ST. GEORGE – Jurors deciding the fate of polygamous sect leader Warren S. Jeffs deliberated for about 11 hours Monday without reaching a verdict, but said they are close to decisions on the two counts of rape as an accomplice.
Fifth District Judge James L. Shumate sent the five men and three women home at about 8:15 p.m., asking them to return to court at 9 a.m. today. Through a bailiff, jurors told the judge they thought it would help their deliberations to “sleep on it.”
The jurors had sent Shumate a note shortly after 3:30 p.m. Monday, saying they were deadlocked on the second count.
The note read: “We have a hung jury regarding the second count. We do not believe further deliberation is needed. How do we go about it at this point?”
In response, Shumate brought the jurors into the courtroom and referred them to a jury instruction that urges them to keep an open mind. He sent them back to continue deliberations, which continued over a pizza dinner.
Jeffs, leader of the Fundamentalist Church of Jesus Christ of Latter Day Saints, is charged with two counts of being an accomplice to rape related to a marriage he conducted in 2001 between Elissa Wall, who was 14, and Allen Steed, then 19.
Prosecutors allege the first rape count occurred between April 23, 2001 – the day Jeffs conducted Wall’s marriage – and May 12, 2001, when she and Steed took a trip to Canada to visit her sisters.
The second count is alleged to have occurred between May 13, 2001, and September 30, 2003.
Wall, who has agreed to the use of her name at the time, was in the courtroom with her current husband and one of her attorneys when Shumate later sent the jurors home for the night. A dozen FLDS members also were in court.
The jury began its deliberations Friday, spending two hours before breaking for the weekend.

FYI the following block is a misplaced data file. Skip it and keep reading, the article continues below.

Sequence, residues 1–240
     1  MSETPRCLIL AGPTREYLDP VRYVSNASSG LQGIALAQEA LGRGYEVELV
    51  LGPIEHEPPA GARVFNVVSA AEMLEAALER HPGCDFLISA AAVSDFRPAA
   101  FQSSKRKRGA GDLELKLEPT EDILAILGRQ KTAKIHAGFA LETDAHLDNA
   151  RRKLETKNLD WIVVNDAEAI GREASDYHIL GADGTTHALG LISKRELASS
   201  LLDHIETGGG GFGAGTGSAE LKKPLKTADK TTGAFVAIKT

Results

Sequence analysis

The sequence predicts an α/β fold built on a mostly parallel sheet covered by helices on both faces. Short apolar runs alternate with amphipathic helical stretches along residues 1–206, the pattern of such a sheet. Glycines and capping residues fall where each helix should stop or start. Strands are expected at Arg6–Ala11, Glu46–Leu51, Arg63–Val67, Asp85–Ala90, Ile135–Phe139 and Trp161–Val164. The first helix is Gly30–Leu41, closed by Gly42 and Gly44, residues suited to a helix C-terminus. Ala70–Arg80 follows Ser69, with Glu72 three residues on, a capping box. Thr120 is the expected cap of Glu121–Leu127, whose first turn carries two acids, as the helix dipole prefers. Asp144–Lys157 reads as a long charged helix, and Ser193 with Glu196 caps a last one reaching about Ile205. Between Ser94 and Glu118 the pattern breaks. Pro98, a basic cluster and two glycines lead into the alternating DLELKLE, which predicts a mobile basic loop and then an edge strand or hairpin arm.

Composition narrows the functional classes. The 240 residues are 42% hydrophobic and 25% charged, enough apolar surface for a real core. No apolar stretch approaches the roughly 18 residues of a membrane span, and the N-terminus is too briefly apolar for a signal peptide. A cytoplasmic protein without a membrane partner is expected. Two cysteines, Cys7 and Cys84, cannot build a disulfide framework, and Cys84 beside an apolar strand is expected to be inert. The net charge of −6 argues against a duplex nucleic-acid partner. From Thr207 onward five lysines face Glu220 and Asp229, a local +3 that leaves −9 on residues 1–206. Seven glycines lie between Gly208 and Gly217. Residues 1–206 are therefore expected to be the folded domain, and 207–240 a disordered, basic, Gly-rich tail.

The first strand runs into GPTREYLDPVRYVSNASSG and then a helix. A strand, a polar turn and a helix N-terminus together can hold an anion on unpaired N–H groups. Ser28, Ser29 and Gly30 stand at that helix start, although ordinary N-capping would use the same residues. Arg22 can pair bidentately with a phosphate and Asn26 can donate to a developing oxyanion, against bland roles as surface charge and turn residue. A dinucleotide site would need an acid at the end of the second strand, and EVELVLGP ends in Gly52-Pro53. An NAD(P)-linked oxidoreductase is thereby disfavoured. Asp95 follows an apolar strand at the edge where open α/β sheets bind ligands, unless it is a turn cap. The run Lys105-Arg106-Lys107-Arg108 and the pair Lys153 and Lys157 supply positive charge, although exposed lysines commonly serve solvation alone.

Now 21, Wall testified she objected numerous times to being married but Jeffs, then first counselor in the FLDS faith, ignored her.
She also said her husband had sex with her despite her protests and that Jeffs later refused her plea to be released from the marriage.
Allen Steed offered jurors a different account of their first sexual encounter, saying she had initiated it and that he never used force or coercion in their marital relations.
He told jurors that Jeffs counseled them to work on their marriage with love and kindness.
Jeffs, who has been incarcerated at the Purgatory Correctional Facility in Hurricane, will temporarily remain there regardless of the verdict. He faces a federal charge in Utah of unlawful flight to avoid prosecution and, in Arizona, felony charges related to two underage marriages he performed.
One of those cases is based on Wall’s marriage.
Washington County authorities filed their case involving Wall against Jeffs in April 2006.
Jeffs spent nearly 14 months as a fugitive, even making the FBI’s Ten Most Wanted Fugitives list. While in hiding, he moved among safe houses in various states.
He was arrested on Aug. 28, 2006, during a traffic stop on I-15 outside Las Vegas.
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